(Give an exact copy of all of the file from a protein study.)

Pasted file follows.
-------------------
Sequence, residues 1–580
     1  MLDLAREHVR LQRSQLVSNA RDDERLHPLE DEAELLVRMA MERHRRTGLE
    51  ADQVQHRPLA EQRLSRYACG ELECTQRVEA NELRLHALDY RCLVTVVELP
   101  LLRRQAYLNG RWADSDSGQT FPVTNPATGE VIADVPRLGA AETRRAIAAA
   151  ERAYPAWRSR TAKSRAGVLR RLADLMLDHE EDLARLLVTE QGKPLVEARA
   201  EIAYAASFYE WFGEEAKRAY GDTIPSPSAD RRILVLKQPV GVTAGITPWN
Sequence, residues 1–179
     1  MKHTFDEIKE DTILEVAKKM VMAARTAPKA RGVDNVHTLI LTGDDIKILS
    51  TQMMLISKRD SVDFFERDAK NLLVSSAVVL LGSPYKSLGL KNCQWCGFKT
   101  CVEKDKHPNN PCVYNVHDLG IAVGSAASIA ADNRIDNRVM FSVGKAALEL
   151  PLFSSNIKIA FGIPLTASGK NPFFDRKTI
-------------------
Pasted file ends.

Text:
Sequence, residues 1–580
     1  MLDLAREHVR LQRSQLVSNA RDDERLHPLE DEAELLVRMA MERHRRTGLE
    51  ADQVQHRPLA EQRLSRYACG ELECTQRVEA NELRLHALDY RCLVTVVELP
   101  LLRRQAYLNG RWADSDSGQT FPVTNPATGE VIADVPRLGA AETRRAIAAA
   151  ERAYPAWRSR TAKSRAGVLR RLADLMLDHE EDLARLLVTE QGKPLVEARA
   201  EIAYAASFYE WFGEEAKRAY GDTIPSPSAD RRILVLKQPV GVTAGITPWN
Sequence, residues 1–179
     1  MKHTFDEIKE DTILEVAKKM VMAARTAPKA RGVDNVHTLI LTGDDIKILS
    51  TQMMLISKRD SVDFFERDAK NLLVSSAVVL LGSPYKSLGL KNCQWCGFKT
   101  CVEKDKHPNN PCVYNVHDLG IAVGSAASIA ADNRIDNRVM FSVGKAALEL
   151  PLFSSNIKIA FGIPLTASGK NPFFDRKTI